I've been reading a lot on tolerance and accepting people as they are, no matter their cultural heritage, their skin colour, their religion and it occurs to me that I'm not particularly thrilled with "tolerance". I know this doesn't sound good but bear with me a little as I explain a bit further where I'm going with this.
The word, tolerance has a negative connotation to me. When I think of tolerance I get a negative feeling. Tolerance is putting up with something that I don't particularly enjoy as in "I will tolerate something...I don't really like it much but I'll put up with it and understand it's important and valid but really, I don't like it much, but yeah, I'll tolerate ". Somehow this is the feeling that comes to me with the word tolerance, the buzz word of the civil rights and equal rights movement.
I understand it's just a word and that it is the appropriate label to use these days but it doesn't quite work for me. Let me explain my position further on this.
I have a different way of looking at differences between the races and individuals within the races. Instead of tolerating them I move beyond that. I accept that we all are each different, and I embrace it! Whether a person is the same colour or race as I am or of a different culture or race, is irrelevant to me. I take the opportunity to learn about that person and who they are as an individual. I learn from the differences and consider myself better off for it.
It is easier to have people around me that think mostly like I do, it's good to have people you have things in common with to support you in your decision and your life but the best lessons in life are learned from those with differences. And to learn and discover how other people think and learn and grow is infinitely more exciting, even if there is disagreement there.
I have not learned about the effect of racism on the African-American people in the United states by simply tolerating the differences, I have gotten in there and asked and learned. There are certainly differences between African American people in the United States and white Americans because the experiences they've had, the history that has made their culture exists completely based on the colour of their skin.
The first thing I need to do is not tolerate the differences but accept them and then from there move into learning and believing that their differences do not come from the colour of their skin but rather the way they are treated due to the colour of their skin. I can embrace the difference, and accept that it's there, as part of the essence of that individual and love that the differences exist but know that they really don't matter.
I have always been interested in different cultures, different religions, and I've found that at the core all people are basically the same. Every religion has it's crazies, every culture has its negatives and that certainly includes mine. And those groups are generally LOUD. Knowing that people are all different within all cultures is exciting and makes the possibility for gaining knowledge infinite!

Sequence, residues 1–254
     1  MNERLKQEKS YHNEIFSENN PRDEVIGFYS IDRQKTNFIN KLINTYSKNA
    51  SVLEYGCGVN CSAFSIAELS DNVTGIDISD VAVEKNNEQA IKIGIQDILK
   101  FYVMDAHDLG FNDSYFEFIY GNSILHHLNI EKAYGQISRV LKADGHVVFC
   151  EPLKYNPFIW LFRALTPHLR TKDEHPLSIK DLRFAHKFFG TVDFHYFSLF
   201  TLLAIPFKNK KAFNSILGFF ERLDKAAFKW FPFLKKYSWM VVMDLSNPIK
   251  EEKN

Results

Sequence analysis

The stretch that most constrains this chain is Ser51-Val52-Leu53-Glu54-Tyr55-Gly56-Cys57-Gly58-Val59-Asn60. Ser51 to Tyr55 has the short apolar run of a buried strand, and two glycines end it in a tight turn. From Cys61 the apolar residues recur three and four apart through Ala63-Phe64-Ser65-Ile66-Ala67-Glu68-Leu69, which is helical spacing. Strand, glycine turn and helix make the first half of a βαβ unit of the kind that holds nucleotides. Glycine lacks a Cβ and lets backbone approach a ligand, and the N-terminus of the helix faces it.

One of my best days was sitting with a neighbour while she showed me her wedding pictures. She had returned to India and had a traditional Hindu wedding and it was fascinating to me to learn about the traditions of her culture. Her wedding was semi-arranged in that they had been introduced by the parents with the hope that things would work out and it had. To this day they are a very happy couple and have raised two very nice sons. Had I merely tolerated having them live across the road, listening to the whispers of arranged marriage and strange religious holidays, I would have missed out on learning some interesting cultural information, seeing her beautiful wedding dress and becoming friends with some wonderful people. And she would have missed out on learning how I grew up and what I believed.
Because of her I have always had the dream of moving to India and living there as a citizen for a year simply to learn and experience life as it's lived by a billion people on our earth. To be as brave as she was when she moved here with her new husband to a country that was as foreign to her as India is to me.
Recently we drove through my old neighbourhood in the city I used to live in and realised that the only thing I miss about the city is its diversity. The opportunity to learn from other cultures, to attend the festivals held in the park by different ethnic peoples. There is a lot to be learned even by being a part of those kinds of events. I lament that my children don't get to meet people of other countries, children from other places so that it can become normal to them to see faces of many shades at a birthday party they hold as my older children did when we lived in our old city. I hope that in spite of this lack, they grow up with the ability to embrace differences instead of merely being tolerant of them. That they see race as something irrelevant and the human race as something magnificent, diverse and fascinating and immerse themselves in the brilliant difference humanity contains.
So tolerance, yes, we must have it to coexist of course, but the ideal, the goal should be beyond tolerance, into excitement, non-judgement and love for all that is different and unlearned in this world. To hold bewilderment and joy at the gift of diversity. And the great cosmic joke is, in embracing the diversity it is usually discovered that we are actually more alike than we are different anyway!
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